Unsurprisingly, this unprecedented assault on democratic norms led Democratically-aligned groups to consider previously unimaginable countervailing measures. One option floated by legal commentators and Democratic politicians was for Obama to invoke the Constitution’s Fourteenth Amendment and unilaterally raise the debt ceiling without an act of Congress. Section four of the Fourteenth Amendment only states in this regard that “the validity of the public debt … shall not be questioned.” To raise the debt ceiling based on such a legally ambiguous sentence (especially given that section’s further language placing it squarely in the post-Civil War context) was a controversial plan. As the title of a Garrett Epps article in The Atlantic put it, “If Congress Won’t Raise the Debt Ceiling, Obama Will Be Forced to Break the Law.” That title was somewhat hyperbolic. Advocates of the Fourteenth Amendment option often persuasively argued that unilateral executive action under guise of that amendment was in fact legally required. Law professors Neil Buchanan and Michael Dorf wrote that use of the Fourteen Amendment to ignore the debt ceiling was “the least unconstitutional course.” Others contended that Obama clearly had the constitutional power to prevent an economic catastrophe and affirm that the U.S. government pays its debts. Regardless, given that the “legal path is not clearly marked either way,” Obama’s end-run around congressional approval for an increase in the debt ceiling would be regrettable. It would simply be one violation of an important and accepted norm necessitated by another.
This wasn’t even the most fanciful proposed solution to the debt ceiling standoff. An even more absurd idea that gained currency (excuse the pun) during the debt showdowns of 2011 and 2013 was to extend the little used statute 31 U.S.C. § 5112 to mint a trillion-dollar platinum coin. Section 5112 provides: “The Secretary [of the Treasury] may mint and issue platinum bullion coins and proof platinum coins in accordance with such specifications, designs, varieties, quantities, denominations, and inscriptions as the Secretary, in the Secretary’s discretion, may prescribe from time to time.” Although likely intended to allow for the Treasury to print limited-edition novelty coins, many respected voices claimed, as Matt Yglesias did at Slate, that the Treasury Secretary could “have the Mint create a $1 trillion coin. Then he can walk it over to the Federal Reserve and deposit it in the Treasury’s account. Then the government can keep sending out the checks—to soldiers and military contractors, to Social Security recipients and doctors who treat Medicare patients, to poor families getting SNAP and to FBI agents—it’s required by law to send—and the checks will clear.” Again, whether this strategy was legally allowed is beside the point. A well-functioning democracy should not have to rely on cheap gimmicks and legally dubious means to accomplish basic tasks easily accomplished when all political bodies act in good faith. New York Times columnist Paul Krugman may have been right to say that complaints that the coin strategy was “undignified” were silly given that the situation was akin to one “in which a terrorist…walk[s] into a crowded room and threaten[s] to blow up a bomb he’s holding.” Yet, that should not prevent us from lamenting the state of affairs that led to both the unfortunate situation and the required but still undignified response.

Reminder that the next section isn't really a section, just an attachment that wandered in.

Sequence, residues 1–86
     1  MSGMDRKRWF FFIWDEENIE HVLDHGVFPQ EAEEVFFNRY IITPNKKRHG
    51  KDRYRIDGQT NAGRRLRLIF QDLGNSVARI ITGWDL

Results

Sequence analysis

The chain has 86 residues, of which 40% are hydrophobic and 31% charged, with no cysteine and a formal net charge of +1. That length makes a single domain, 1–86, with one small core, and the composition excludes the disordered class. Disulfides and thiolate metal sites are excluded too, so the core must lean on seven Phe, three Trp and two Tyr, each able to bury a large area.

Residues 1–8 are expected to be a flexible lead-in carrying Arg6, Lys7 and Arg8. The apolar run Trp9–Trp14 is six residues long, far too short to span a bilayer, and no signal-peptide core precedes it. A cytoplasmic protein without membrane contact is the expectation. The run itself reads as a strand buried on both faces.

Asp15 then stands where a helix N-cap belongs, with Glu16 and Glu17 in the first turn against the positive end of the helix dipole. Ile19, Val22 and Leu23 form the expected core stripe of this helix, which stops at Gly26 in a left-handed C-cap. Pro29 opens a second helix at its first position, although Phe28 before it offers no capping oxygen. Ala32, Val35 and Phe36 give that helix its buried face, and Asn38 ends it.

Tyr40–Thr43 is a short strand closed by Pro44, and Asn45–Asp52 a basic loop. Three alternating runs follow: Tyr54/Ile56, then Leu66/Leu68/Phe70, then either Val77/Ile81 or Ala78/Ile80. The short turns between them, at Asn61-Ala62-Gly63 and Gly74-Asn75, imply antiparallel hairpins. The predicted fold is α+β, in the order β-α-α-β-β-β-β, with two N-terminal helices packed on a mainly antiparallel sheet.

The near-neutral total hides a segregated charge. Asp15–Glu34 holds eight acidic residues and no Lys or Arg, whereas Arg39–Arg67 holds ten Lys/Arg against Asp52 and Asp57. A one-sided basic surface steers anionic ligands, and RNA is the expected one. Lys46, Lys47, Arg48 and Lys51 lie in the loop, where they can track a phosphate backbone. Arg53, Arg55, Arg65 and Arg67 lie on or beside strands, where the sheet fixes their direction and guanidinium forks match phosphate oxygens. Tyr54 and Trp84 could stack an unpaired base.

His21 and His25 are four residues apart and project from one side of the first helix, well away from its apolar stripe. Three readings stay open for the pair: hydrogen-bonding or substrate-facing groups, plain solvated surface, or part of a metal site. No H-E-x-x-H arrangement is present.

Obama’s strong stance on debt ceiling negotiations in 2013 and 2015, after initially caving in the summer of 2011, effectively ended that threat. Yet, Republicans did not slow their attempts to clog the basic machinery of government to achieve their basic policy goals. In the Fall of 2013, Senator Ted Cruz and members of the Tea Party-aligned House Freedom Caucus led a futile but damaging charge to shut down the Federal Government in an attempt to repeal the Patient Protection and Affordable Care Act, better known as Obamacare. On the eve of the shutdown, the New York Times described the disgust with which Democrats and moderate Republicans held then-Speaker of the House John Boehner’s demand to delay and defund key provisions of Obamacare in exchange for a continuing resolution to keep the federal government open for business: